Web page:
The calcium released by this shock product can tend to leave behind unsightly calcium scale buildup if used in saltwater pools due to the high concentration of dissolved minerals that is already present in the water.
All types of pool shock products other than cal hypo are perfectly safe for use in saltwater pools and should not cause any stains or related damage.
Many pool owners prefer liquid chlorine for their shock treatments for its ease of use. These types of products also make a great choice for shocking salt water pools.
How To Shock Your Salt Water Pool
Before shocking your pool, you will first want to balance other aspects of your pool’s chemistry.
We recommend ensuring that your pH, total alkalinity, and calcium hardness are all within the ideal ranges before introducing a shock treatment to your pool in order to prevent the development of unwanted stains that may be caused by chemical interactions.
Next, you will want to figure out the correct amount of shock product to use for your pool by following the instructions provided on your product label. You can also use this pool shock calculator to help you work out the right dose for your pool.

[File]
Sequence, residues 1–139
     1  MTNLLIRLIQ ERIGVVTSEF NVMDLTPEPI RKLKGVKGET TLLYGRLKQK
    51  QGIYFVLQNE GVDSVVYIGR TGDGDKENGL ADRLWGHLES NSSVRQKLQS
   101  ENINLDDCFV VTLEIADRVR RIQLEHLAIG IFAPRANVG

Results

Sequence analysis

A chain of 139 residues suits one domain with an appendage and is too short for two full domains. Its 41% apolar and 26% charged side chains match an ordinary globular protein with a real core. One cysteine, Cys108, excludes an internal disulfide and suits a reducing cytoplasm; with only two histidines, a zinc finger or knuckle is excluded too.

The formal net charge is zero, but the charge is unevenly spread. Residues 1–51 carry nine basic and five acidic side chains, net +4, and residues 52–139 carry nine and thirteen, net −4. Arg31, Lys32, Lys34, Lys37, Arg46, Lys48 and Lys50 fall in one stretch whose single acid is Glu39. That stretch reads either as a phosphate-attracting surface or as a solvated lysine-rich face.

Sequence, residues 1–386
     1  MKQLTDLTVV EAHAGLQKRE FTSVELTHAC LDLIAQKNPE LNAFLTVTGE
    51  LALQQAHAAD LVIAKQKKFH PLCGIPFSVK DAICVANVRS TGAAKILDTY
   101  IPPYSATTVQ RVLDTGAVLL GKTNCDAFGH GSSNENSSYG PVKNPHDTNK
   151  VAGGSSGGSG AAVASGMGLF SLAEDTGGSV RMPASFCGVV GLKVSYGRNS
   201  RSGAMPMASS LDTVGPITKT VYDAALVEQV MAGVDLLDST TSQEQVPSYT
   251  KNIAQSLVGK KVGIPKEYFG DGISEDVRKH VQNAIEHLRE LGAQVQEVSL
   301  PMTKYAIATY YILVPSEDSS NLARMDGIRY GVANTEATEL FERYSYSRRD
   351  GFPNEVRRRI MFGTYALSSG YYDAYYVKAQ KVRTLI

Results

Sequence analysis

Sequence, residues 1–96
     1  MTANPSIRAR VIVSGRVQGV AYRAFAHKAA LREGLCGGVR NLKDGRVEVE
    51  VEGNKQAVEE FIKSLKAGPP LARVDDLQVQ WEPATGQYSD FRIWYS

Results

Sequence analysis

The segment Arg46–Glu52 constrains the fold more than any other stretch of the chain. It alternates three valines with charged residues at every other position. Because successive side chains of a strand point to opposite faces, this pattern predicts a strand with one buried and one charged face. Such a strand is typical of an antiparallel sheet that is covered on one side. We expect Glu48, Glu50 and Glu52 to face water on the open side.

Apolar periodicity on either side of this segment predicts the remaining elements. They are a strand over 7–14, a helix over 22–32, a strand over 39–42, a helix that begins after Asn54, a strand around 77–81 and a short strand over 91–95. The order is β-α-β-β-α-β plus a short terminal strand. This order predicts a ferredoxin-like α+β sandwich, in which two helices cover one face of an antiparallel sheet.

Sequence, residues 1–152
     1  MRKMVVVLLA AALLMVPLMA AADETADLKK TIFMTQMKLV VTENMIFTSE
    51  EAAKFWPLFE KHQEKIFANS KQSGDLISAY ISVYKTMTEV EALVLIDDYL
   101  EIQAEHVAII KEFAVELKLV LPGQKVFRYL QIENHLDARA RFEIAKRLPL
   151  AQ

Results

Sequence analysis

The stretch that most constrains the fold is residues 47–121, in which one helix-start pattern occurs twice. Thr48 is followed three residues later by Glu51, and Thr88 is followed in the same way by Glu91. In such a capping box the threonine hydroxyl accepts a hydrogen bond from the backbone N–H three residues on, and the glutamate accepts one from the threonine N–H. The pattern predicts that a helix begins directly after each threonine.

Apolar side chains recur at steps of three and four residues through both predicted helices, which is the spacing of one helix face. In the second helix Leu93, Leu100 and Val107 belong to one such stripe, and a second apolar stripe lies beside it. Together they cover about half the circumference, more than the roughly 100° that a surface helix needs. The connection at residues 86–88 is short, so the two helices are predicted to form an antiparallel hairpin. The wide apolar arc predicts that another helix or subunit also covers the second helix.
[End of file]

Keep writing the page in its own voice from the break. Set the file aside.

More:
Because different varieties of shock products have varying concentrations of active ingredients, the amount you need for your pool may differ between brands.
When performing a shock treatment, you are aiming to create free chlorine levels that fall between 10-30 parts per million (ppm) depending on the severity of your contaminant problem.
As you prepare to add your shock product to your pool, you will want to ensure that your filter and pump system is running. You should also turn your salt chlorine generator to a low setting, or consider turning it off completely.
Then, add your shock product to your pool according to the manufacturer’s instructions. Many shock treatments that consist of granules can be broadcast across the surface of the pool, but others need to be pre-dissolved in a bucket of pool water before being added.
After shocking your pool, you should wait for your chlorine levels to return back to their normal range before turning your salt chlorine generator back on to its regular settings.